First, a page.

Professor Carolyn Lesorogol began her work in Kenya 30 years ago, when she studied there as an undergraduate. At the time, the nation was recovering from a drought. “I was very impressed by people’s ability to survive with relatively little assistance,” she recalled. Lesorogol realized that the strength of the community was key, and she’s been working to build on that knowledge and improve the lives of Kenyans ever since.
Her primary projects have undertaken ethnographic research about processes of land privatization and the effects of land-use choices on livelihoods and social relations, including using computer models to show over time how those choices affect food, income, households and the environment. A second focus has been working with a community association to introduce highly productive dairy goats to improve food security, income and nutrition. The project started with 30 households and Lesorogol hopes to expand the program, which translates into better futures, particularly for children.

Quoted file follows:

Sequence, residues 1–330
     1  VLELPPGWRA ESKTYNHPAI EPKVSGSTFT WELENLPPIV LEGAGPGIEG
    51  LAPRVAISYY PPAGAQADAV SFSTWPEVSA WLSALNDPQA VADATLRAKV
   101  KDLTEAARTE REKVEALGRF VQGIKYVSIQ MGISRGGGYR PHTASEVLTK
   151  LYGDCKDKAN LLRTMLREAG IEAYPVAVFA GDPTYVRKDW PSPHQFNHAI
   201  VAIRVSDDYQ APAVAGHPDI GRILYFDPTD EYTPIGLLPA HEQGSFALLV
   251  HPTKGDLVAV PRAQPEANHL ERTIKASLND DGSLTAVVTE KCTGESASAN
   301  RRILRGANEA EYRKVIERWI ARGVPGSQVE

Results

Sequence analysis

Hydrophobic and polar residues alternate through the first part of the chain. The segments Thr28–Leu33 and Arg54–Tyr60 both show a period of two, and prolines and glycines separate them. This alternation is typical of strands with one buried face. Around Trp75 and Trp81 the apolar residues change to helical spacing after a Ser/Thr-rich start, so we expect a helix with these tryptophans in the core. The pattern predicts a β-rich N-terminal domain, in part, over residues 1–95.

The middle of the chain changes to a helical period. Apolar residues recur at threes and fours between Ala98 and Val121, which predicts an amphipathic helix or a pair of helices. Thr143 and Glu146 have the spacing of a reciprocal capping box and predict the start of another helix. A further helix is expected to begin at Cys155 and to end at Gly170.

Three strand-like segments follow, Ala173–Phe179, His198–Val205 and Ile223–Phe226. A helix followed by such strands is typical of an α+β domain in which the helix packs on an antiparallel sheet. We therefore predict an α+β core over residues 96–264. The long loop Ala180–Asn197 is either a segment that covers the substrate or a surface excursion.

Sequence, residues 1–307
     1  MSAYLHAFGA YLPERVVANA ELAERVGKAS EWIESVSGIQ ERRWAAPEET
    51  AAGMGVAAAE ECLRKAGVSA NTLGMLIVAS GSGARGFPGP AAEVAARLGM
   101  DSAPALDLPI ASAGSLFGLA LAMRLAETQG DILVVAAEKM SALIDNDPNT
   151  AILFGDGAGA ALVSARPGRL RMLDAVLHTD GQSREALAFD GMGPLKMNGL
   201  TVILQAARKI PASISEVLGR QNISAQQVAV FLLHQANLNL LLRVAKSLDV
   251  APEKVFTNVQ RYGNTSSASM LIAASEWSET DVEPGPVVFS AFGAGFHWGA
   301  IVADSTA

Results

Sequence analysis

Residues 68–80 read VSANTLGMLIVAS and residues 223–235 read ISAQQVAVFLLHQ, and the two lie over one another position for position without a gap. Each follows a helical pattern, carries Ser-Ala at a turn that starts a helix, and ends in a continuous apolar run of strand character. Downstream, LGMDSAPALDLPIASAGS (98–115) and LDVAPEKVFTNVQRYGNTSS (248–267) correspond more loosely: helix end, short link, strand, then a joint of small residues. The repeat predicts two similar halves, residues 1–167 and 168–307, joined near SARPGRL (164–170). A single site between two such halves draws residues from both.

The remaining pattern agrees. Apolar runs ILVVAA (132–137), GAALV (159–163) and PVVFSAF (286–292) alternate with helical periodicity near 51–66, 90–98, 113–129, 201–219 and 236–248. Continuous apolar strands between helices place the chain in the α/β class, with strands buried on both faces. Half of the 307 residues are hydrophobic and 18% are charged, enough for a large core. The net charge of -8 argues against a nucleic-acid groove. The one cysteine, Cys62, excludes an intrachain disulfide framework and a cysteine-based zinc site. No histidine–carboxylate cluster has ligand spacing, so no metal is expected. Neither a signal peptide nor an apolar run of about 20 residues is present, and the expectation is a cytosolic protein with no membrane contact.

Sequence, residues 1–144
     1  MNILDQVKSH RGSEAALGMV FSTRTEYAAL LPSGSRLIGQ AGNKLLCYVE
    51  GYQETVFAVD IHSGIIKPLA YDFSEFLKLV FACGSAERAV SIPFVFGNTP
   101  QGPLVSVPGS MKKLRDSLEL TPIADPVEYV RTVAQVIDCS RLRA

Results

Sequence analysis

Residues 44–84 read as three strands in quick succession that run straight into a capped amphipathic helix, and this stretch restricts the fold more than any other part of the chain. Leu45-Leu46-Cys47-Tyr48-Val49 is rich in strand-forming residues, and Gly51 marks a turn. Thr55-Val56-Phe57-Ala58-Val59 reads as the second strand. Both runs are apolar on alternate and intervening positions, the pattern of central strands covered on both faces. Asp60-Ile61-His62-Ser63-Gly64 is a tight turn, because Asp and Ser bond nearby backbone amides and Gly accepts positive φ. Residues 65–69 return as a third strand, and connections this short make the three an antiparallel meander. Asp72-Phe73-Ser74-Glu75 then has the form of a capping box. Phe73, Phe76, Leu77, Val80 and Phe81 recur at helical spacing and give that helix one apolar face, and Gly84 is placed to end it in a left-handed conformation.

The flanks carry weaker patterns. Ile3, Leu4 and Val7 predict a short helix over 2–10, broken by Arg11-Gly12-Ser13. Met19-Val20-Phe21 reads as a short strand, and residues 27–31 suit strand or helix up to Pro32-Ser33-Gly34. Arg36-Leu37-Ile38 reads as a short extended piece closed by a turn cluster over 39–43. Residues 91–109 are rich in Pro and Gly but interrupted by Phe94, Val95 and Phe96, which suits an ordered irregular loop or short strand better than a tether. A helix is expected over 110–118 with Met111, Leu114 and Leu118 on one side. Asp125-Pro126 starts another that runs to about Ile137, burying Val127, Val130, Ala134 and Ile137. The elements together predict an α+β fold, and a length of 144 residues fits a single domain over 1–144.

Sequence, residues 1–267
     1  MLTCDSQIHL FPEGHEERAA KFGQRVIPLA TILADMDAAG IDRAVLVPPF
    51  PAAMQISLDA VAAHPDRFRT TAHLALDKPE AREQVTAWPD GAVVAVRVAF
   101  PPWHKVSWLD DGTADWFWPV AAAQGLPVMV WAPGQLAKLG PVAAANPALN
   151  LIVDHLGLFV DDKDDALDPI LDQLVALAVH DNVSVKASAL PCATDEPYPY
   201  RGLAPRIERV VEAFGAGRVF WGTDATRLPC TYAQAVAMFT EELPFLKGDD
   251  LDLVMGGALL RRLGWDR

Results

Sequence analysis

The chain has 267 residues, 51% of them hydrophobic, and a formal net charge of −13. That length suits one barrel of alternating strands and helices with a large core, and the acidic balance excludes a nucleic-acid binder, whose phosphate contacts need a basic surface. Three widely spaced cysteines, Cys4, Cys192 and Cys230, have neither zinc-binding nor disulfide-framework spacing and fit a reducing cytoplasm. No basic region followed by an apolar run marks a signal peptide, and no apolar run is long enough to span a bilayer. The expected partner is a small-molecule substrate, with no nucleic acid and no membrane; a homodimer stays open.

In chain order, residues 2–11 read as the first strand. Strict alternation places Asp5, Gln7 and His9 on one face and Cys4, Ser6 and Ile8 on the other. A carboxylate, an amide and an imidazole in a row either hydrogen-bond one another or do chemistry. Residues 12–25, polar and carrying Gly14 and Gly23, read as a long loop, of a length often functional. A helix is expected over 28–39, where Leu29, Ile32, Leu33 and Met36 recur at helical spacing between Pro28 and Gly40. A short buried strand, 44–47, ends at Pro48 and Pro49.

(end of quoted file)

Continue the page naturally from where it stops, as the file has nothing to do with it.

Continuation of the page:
“If you have more food and income, you can meet other needs such as education and health,” noted Lesorogol, who in addition to being a professor, is associate dean for global strategy and programs. In that role, she coordinates international practica and field-based courses for graduate students, most recently in Berlin and Tanzania.
“The Brown School has a mission of supporting vulnerable populations around the world,” she says. “We aim to use research results to inform policies and practices that improve the lives of all people.”